In December, I pointed out that Wikileaks revealed a democratic deficit in the Middle East. Recent developments have proven that this deficit is unsustainable. Ross Mackenzie seeks to confront the issue, but from the start, his article is riddled with regional bias and insular thinking.
First, he betrays his own prejudice when he describes Iraq as “democratic” – a state in which public assembly, labor unions and certain political parties are expressly criminalized. In 2010, every major Iraqi party called the elections “fraudulent.” He goes on to cite Israel, a nation founded on the ethnically-based expropriation of its native population, as another “democracy.”
He vilifies the “spiritual leader” of the Muslim Brotherhood with a scary Anti-American quote – which was really shocking, coming from a nation whose autocratic leader has been propped up for the last 30 years by the U.S.. The Brotherhood, far from a representation of the protesters in Tahrir Square, refused to even take part in protests for the first few days of the uprising in Egypt.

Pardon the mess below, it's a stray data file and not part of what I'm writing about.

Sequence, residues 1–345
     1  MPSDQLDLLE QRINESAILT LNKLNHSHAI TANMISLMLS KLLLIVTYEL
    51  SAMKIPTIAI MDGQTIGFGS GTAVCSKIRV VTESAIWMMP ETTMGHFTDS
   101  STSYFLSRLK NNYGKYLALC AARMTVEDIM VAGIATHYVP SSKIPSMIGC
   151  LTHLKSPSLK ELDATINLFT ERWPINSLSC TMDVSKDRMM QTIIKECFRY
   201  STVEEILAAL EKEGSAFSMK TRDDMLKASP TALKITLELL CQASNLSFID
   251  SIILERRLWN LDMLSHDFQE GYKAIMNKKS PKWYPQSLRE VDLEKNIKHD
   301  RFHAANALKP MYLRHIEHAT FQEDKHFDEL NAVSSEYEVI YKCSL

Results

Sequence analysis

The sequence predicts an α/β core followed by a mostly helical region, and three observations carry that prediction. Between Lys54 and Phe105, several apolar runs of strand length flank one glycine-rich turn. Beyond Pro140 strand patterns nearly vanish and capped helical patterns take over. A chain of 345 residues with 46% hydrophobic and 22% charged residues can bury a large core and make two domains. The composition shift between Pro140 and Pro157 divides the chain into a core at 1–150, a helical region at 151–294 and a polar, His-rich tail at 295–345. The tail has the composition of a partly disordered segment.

Further, Mackenzie fails to mention that nearly half of Jordanians are of Palestinian origin – a fact that might shed some light on how peace with Israel, a nation which continues to expand its undefined borders, is both unpopular and undemocratic there.
Mackenzie doesn't seem to think that Arabs deserve a democracy that reflects the interests of the people. But let’s be honest with ourselves - in this narrative, Arabs really aren’t allowed to have sovereignty – let alone democracy.
I can say this for Mackenzie, though: he didn’t author Oliphant’s racist comic that accompanied the article on page E3. The caricature looks like it was pulled right from a 19th century Anti-Semitic cartoon – only this time, it is the Muslim who is portrayed as dirty and sinister.
Mackenze Column was Riddled with Bias - Dean Sayers, Richmond Times Dispatch
Obamacare and the Islamist Movement - Ross Mackenzie, TownHall Conservative
Disgusting Caricature of "Muslim Brotherhood" - Pat Oliphant, GoComics